Her Outdoors drove down our lovely new road the other day and said the car had lost power and started making a horrible noise. So I took it to our usual garage.

‘Ooo,’ he said. Only in French. ‘Sounds like it could be the timing belt.’

Hoping not, I left the car there and awaited further news.

The next day, I phoned several times and was told something about letters in the post.

The day after that, I got the letters. Actually, bills that appeared to be for someone else. The name was right, the street was very like one we used to live on, but we’d never lived in the village. So the whole family walked into town and I questioned the invoices. Surely they are for someone else, I suggested.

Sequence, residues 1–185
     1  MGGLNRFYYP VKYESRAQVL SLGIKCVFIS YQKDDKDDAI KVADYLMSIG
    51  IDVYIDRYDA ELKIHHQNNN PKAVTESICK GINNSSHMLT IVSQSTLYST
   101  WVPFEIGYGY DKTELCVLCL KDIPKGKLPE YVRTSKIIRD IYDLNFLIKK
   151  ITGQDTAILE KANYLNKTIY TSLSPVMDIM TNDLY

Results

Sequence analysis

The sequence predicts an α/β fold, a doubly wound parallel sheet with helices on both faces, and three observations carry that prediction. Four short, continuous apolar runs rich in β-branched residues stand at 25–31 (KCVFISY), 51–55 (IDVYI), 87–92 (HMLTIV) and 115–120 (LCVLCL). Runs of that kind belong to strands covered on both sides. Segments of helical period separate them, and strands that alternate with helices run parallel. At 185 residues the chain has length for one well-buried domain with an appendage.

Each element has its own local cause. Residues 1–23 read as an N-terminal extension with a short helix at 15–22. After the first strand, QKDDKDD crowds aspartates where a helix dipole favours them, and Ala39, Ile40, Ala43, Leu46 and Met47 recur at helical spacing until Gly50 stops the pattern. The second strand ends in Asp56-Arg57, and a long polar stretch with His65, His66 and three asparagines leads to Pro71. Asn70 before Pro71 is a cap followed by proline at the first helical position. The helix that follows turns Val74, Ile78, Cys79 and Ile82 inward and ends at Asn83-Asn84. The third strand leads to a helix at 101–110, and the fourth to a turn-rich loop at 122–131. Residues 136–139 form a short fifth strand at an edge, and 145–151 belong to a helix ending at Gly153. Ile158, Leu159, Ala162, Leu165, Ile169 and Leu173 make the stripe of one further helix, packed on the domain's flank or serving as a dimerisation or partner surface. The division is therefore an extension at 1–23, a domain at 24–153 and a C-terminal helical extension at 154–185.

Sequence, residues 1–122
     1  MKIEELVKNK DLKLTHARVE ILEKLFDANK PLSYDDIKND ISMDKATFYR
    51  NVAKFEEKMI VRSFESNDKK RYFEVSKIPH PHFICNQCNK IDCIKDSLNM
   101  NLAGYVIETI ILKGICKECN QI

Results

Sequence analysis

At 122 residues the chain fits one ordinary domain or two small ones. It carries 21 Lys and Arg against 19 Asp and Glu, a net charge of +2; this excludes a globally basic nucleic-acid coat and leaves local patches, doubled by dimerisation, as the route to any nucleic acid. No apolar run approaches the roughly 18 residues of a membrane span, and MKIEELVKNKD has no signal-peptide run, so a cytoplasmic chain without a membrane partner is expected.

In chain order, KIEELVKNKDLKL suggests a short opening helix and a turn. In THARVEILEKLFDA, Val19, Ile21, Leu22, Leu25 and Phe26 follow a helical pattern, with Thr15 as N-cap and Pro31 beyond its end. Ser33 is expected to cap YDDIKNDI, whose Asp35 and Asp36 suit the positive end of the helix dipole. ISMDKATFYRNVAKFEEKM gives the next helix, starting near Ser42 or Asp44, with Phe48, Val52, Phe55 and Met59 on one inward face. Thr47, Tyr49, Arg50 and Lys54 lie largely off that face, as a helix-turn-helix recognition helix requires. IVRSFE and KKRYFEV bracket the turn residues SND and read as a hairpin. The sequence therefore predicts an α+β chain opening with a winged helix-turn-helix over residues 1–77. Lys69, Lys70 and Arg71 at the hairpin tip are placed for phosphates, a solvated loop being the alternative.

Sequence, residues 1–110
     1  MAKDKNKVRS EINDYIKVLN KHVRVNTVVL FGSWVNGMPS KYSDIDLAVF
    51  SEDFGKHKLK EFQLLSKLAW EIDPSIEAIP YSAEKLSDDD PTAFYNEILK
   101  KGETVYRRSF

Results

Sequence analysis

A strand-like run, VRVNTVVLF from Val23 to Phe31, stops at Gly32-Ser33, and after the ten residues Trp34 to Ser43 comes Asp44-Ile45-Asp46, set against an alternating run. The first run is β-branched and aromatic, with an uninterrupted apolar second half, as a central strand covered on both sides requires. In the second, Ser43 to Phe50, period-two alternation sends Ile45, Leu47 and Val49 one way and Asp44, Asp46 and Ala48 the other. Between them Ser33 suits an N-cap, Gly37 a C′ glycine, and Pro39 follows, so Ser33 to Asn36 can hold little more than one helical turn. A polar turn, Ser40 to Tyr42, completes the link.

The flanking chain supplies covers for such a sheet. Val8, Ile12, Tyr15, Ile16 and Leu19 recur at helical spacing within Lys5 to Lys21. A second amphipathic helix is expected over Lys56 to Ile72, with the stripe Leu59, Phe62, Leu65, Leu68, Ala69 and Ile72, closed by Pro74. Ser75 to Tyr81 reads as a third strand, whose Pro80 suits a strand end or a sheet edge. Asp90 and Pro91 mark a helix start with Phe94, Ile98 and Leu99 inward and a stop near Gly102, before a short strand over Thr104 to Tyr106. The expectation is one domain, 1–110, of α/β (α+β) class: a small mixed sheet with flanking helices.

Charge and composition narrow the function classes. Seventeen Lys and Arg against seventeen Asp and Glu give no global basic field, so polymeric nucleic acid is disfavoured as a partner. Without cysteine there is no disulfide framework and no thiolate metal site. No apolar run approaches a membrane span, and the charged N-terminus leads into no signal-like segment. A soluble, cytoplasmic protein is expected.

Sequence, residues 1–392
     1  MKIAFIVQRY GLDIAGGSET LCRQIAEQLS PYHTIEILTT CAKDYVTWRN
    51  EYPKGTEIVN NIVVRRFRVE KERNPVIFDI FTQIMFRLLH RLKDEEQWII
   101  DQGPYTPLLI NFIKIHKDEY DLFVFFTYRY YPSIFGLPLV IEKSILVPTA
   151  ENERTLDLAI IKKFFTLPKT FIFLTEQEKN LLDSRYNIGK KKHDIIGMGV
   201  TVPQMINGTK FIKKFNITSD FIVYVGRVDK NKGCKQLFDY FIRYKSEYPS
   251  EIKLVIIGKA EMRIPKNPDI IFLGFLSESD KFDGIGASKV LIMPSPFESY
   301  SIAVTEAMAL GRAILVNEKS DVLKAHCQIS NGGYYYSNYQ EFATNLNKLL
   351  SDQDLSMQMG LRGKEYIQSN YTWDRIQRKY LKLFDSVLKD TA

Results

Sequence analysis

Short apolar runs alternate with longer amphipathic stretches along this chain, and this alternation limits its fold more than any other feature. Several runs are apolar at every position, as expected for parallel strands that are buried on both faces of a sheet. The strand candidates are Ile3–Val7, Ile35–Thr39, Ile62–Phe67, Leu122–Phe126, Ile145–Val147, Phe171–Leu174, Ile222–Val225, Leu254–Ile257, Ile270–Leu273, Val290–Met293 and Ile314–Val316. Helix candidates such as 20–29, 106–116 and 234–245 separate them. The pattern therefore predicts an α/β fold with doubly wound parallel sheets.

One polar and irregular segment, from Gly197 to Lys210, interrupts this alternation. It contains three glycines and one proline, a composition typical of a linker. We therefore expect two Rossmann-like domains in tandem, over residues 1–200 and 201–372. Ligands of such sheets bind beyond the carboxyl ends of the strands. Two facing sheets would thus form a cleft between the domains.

She showed me the dates: 2007. My bills, unpaid, forgotten about, sent to an address that didn’t exist. Bills for about €300.

‘OK,’ I said. ‘I’m pretty sure I paid them. I’ll have a look at home (yurt). But what about the work to fix the car now?’ She showed me an estimate for €2,200. Could be less, but they’d want €840 before even looking at the engine.

We have less than €20.

At yurt (home), I found another invoice that seems to be unpaid, for €145. (Stay with me here, if you can be bothered.) Another thing: The heater doesn’t work. Other things: The back door holder-uppers don’t work (and one of the invoices from 2007 was to replace them when they broke last time). Which would be about another €450.

So it’s beginning to look like we’re not going to repair the car. Or even replace it – an idea that would save us around €250 a month in fuel and insurance. Which would also draw a line through (not under) our €150 a month overspend.

The only real difficulty is going to be getting the kids to school.

More on this, later.

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